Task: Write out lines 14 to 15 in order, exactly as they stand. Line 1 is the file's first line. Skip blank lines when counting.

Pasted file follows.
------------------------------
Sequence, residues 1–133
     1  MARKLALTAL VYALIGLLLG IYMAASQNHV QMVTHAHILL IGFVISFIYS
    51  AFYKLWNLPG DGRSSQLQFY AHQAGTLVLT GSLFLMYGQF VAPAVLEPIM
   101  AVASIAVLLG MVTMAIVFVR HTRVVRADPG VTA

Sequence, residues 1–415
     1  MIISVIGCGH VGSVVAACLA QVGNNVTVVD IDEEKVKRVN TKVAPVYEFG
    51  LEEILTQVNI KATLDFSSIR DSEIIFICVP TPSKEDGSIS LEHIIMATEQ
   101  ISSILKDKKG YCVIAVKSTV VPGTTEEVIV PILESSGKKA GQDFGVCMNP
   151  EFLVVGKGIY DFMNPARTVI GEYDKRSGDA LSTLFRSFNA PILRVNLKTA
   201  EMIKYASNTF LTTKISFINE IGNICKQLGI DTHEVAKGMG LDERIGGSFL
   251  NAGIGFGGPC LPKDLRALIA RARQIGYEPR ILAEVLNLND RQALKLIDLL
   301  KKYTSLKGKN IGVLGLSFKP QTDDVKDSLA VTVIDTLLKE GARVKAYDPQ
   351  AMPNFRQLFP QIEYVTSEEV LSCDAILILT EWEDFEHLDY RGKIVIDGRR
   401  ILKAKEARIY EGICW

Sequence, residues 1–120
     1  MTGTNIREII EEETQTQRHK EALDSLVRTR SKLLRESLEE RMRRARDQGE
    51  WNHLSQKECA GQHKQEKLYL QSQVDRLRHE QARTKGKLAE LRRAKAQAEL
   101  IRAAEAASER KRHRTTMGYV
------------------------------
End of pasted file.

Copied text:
   401  ILKAKEARIY EGICW

Sequence, residues 1–120